Single Band si5351 Digital VFO
how small can you make a dual-output digital VFO/BFO? This version of
the ZL2PD si5351 VFO uses an ATtiny85 8-pin controller to cut the
si5351 VFO component count down to the minimum. It's a really
teeny tiny VFO.
It was hardly more than a couple of hours after I finished my full-featured si5351 VFO with its Nokia LCD
display that the thought arrived. "OK, so my “do everything” VFO
can run in an ATmega328. But what if I just need a single-band VFO? How
about if I chop out the dual VFO features? Can I do everything
necessary with just an 8-pin processor?" Just how small could I get an
This design is the answer. It’s pretty
darned small. In fact, if I use an SMD version of the ATtiny85 and the
standard si5351 chip, it’ll all fit on the back of the compact 16 x 2
alphanumeric LCD. It measures about 50mm x 20mm.
basic items we need in a (digital) VFO are a tuning control and the
oscillator itself. The tuning control is, as usual, a low cost rotary
encoder with integrated push switch feature. That switch selects the
tuning speed (5Hz, 100Hz, 1kHz and 10kHz). This consumes three of the
six available pins on the processor.
We also need a
display for frequency and tuning speed information. A graphics display
like the one used in my other si5351 VFO requires a relatively large
amount of software. We’ve (only) got 8k in the ATtiny85 so that’s why
I’ve used a two line 16 character alphanumeric LCD.
we don’t have enough I/O pins on the processor to connect a standard
16x2 alphanumeric LCD. To get around this, and a couple of other
problems, this design uses a similarly priced I2C version of that LCD.
It has another really useful feature – Unlike normal 16x2 LCDs, it can
operate with a 3.3V supply. That means the entire VFO can run at 3.3V
and we can dispense, once more, with all of that unnecessary
interfacing seen in most other si5351 VFOs. Reduces the parts count by
about 30%, just like that.
The choice of an I2C LCD is also
fortuitous – The si5351a oscillator uses an I2C interface as well, so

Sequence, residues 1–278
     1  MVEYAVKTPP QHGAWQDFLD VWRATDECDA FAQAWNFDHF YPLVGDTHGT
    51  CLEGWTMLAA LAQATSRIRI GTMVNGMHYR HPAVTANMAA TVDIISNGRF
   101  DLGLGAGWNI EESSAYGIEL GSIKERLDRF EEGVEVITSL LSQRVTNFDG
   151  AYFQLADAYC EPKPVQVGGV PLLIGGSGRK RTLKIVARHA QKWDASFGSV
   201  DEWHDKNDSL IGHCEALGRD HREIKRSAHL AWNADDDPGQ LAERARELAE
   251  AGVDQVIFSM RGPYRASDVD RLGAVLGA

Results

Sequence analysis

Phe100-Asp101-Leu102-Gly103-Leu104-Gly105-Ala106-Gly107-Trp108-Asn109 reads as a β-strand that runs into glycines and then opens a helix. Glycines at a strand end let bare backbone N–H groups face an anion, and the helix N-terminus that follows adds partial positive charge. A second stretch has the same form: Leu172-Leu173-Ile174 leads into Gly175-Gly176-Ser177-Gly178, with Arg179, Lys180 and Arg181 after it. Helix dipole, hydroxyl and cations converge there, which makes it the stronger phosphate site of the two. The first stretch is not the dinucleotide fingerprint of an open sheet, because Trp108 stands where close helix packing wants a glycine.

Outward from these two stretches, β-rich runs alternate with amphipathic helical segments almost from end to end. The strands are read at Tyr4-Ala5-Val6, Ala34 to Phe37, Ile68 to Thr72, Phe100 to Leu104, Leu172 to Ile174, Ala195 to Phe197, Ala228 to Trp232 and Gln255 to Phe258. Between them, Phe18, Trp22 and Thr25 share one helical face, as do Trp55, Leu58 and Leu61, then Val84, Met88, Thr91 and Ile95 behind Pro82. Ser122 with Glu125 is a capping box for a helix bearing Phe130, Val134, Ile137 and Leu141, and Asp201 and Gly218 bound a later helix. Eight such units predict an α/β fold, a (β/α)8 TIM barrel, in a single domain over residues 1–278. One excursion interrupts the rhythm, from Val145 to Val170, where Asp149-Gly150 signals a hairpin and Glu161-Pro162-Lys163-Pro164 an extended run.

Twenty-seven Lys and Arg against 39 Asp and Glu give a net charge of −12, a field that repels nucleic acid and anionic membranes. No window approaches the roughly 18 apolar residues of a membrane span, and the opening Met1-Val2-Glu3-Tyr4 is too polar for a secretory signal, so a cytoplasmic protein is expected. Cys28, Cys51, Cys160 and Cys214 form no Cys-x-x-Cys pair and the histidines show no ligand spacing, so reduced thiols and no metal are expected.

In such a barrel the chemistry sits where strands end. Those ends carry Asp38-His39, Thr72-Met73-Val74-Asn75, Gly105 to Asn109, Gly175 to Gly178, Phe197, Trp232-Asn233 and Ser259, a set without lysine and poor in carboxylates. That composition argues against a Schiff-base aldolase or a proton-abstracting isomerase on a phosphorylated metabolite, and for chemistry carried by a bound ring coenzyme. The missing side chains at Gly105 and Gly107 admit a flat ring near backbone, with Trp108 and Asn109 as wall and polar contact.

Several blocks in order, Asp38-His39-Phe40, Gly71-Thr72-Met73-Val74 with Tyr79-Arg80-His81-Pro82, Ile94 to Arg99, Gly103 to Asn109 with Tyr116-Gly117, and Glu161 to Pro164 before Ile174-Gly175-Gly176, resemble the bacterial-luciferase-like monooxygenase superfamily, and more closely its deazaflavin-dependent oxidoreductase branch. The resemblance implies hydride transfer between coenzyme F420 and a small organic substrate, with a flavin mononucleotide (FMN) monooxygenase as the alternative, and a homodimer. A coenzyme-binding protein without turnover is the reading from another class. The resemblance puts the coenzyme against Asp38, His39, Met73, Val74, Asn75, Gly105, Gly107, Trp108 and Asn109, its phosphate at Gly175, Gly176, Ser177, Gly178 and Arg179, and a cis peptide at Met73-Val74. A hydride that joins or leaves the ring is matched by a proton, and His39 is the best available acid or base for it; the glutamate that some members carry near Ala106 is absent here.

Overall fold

the pins can be shared by both devices. And since the I2C requires two
of the remaining 3 I/O pins, that leaves just one pin for everything
Figure 1: Here is the prototype VFO/BFO operating on 40m. There are less than 20 components in this VFO/BFO. The entire circuit fits in roughly 50mm x 20mm excluding the display
note there is an extra preset variable resistor mounted at the lower
left corner of the board next to the S-meter input connector. This was
added temporarily to test the S-meter during development and is not
required in the final design.
Let's consider what we might do with that last free I/O pin. This is a single band VFO,
so we also don’t need any pins for selecting external bandpass and
lowpass filters. I could use that last pin as a PTT input. That could
permit the si5351's VFO frequency to be changed when switching from
receive to transmit. That might be useful in a few cases, but most
transceivers now use a common IF frequency, or are SDR-based, and
in either case, the VFO frequency doesn't need to change like this.
looked at adding some pushbuttons to that last I.O pin to provide a few
extra functions. Adding dual VFOs is one option, but those
features quickly drove the software quite close to the 8k program
What else could I add to use that last pin that everyone needs on a transceiver or receiver…..?
decided on an S-meter input. Since the ATtiny85 has a flexible
multi-channel analog to digital converter,adding an S-meter display to
the LCD is reasonably easy. The LCD can consume a fair amount of front
panel space, so building an S-meter into the VFO design avoids the need
to reserve more space for a meter. In any case, meters are becoming
harder to find and more expensive every day.
Since the S-meter bargraph display is not actually labelled on the LCD, this
input could also be connected to the output of an RF level detector
during transmit. This can then provide a dual-metering display for RF
output power (while transmitting) and received signal level (during
Feature SummaryThe features of this basic VFO/BFO design include:
current version of the software sets the VFO for 40m operation starting
up at 7.100 MHz. It also assumes an IF of 8867kHz and high-side
injection i.e. VFO=7.100+8.867MHz when power is applied.
- Single band VFO: Any band from 1 – 160MHz (Currently set for 40m)
- Rotary encoder tuning
- Selectable tuning steps: 5Hz, 100Hz, 1kHz and 10kHz
- Simultaneous VFO and BFO/CIO oscillator outputs (Currently set for 8867kHz IF)
- 2x16 alphanumeric LCD
- LCD display of VFO status: VFO frequencies (to 1Hz), tuning step size
- S-meter/RF power display: 0-3.3V DC input is displayed as 50 pixel wide bargraph
- Atmel ATtiny85 processor using the internal 8MHz clock – No uP crystal required
- Low current – Less than 30mA at 3.3V (with LCD backlighting)
ATtiny85 is a standard AVR processor squeezed into a compact 8-pin
package. It has a bunch of features including 8k of flash program